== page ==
The reason is that based on the evidence provided by the last two Gold Cups, punters and pundits alike are not entirely convinced the horse really relishes the unique Cheltenham course.

In 2013, he fell, when still there with a chance, at the third-last and then, 12 months ago, despite leading at the last obstacle he faded to fourth place.

Nicholls, who’s attempting to equal the record of five Gold Cups set by Arkle’s trainer Tom Dreaper, is adamant ‘Conti’, who now wears cheek pieces to aid concentration, is better than ever, and, significantly, that means he finishes his races better.

Of the others, Many Clouds has emerged into the brightness of the big-time this season without blinking, taking the Hennessy Gold Cup and BetBright Cup in his stride for the popular Oliver Sherwood stable.

Along with Silviniaco Conti, Many Clouds plus Holywell and race-regular The Giant Bolster – who’s previously finished third, fourth and runner-up – head the British challenge.

The general feeling is that there isn’t a lot to choose between principal Irish hopes Road To Riches, Carlingford Lough, who’s the mount of AP McCoy, and last year’s winner Lord Windermere.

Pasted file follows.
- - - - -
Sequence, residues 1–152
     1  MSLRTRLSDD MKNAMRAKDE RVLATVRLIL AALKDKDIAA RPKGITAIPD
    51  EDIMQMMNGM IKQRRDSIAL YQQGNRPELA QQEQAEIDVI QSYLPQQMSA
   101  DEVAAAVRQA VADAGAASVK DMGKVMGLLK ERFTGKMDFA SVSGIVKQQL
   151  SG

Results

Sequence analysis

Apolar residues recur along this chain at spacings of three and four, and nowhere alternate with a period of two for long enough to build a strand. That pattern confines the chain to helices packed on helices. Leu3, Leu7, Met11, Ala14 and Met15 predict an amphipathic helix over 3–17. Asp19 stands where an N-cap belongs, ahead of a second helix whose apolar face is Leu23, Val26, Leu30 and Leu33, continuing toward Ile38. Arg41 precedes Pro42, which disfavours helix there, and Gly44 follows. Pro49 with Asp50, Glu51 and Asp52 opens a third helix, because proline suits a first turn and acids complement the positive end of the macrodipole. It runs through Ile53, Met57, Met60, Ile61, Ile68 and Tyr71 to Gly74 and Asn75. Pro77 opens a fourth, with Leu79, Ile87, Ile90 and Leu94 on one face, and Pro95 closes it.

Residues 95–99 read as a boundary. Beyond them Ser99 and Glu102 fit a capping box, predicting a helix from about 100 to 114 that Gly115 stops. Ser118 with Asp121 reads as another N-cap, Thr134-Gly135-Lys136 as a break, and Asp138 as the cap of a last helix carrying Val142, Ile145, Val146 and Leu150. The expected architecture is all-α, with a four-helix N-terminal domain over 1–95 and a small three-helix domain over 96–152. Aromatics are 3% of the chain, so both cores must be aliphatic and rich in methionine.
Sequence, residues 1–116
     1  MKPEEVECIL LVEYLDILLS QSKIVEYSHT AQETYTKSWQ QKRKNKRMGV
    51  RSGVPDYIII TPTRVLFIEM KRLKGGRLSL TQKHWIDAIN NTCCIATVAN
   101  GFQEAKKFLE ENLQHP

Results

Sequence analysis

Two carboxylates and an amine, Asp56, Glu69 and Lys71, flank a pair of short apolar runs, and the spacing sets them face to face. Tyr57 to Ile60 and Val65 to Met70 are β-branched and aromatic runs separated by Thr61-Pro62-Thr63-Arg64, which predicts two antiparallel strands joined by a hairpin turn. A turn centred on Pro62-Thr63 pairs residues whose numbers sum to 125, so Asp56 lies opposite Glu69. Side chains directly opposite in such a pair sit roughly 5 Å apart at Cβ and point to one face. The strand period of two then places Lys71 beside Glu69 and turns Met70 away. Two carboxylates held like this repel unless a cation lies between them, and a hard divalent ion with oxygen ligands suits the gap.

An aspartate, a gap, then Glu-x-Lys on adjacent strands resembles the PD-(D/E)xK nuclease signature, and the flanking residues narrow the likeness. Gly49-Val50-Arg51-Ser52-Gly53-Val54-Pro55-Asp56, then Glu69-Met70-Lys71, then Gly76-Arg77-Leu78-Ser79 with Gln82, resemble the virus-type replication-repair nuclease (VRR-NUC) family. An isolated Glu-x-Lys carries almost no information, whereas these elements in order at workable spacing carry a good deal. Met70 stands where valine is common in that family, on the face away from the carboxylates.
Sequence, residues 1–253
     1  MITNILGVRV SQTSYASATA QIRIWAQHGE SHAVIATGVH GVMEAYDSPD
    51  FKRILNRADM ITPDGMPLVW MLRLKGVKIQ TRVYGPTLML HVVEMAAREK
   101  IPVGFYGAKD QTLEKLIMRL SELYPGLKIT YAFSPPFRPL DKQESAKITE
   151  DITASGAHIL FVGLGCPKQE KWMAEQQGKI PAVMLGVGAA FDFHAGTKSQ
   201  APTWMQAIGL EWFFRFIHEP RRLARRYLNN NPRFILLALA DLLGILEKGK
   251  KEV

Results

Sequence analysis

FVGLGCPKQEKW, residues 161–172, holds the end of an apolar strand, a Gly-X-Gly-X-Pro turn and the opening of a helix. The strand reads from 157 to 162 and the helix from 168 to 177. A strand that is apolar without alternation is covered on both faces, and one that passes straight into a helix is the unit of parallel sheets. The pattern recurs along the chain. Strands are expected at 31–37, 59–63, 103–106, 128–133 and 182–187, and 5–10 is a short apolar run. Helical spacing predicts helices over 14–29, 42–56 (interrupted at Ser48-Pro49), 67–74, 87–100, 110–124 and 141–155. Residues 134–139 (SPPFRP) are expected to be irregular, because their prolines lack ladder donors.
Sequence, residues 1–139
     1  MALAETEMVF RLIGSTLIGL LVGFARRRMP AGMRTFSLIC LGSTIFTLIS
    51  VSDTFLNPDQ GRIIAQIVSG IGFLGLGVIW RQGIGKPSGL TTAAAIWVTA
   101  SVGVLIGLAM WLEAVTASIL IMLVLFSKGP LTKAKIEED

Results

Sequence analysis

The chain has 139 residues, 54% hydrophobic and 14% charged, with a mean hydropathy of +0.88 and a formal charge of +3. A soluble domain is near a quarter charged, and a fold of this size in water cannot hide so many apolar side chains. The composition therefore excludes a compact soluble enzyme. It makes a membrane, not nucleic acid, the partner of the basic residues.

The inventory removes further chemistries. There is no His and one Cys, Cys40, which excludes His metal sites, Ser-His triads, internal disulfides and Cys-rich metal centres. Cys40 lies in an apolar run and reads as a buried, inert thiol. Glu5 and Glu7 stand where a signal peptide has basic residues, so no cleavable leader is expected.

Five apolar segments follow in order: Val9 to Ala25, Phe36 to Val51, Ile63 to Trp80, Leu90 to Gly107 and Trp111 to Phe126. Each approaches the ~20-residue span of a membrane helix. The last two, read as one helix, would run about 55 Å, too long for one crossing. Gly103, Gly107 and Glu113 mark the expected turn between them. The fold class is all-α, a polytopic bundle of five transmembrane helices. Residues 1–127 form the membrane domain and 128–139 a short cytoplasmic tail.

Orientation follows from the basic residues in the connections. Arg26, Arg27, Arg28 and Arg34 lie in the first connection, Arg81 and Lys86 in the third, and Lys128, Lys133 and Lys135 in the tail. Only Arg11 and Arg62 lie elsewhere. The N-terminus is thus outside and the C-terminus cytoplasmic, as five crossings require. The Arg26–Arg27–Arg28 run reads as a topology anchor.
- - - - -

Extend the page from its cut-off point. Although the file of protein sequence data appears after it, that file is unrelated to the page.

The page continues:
Lord Windermere, trained by Jim Culloty who, as a jockey partnered Best Mate to Gold Cup glory, bounced back to form last time and it would be no shock to see him play a decent supporting role at least.

What it will look like soon

What it will look like soon

The much-heralded project to redevelop parts of jump racing’s HQ is on target to be completed in time for the 2016 Festival, but already parts of the new grandstand will be open to the 235,000 punters who will be attending this year.

The ground floor bar and viewing ‘steppings’ of the five-storey grandstand will be open, along with more loos than ever – 156 – a favourite stat for course officials, indicative perhaps that it’s the subject on which they annually receive most grumbles.

Away from the new stand, bars have been opened honouring hurdling legends See You Then and Quevega, and a re-furb of the weighing room, including the jockeys’ changing room, is complete.

So all is set for – if we include the charity St Patrick’s Derby, in aid of the Injured Jockeys Fund – 28 races with total prize money of £3.9m and, if you can’t make it, there’s commentary on every single one on BBC 5 live.

The Cheltenham Festival runs 10-13 March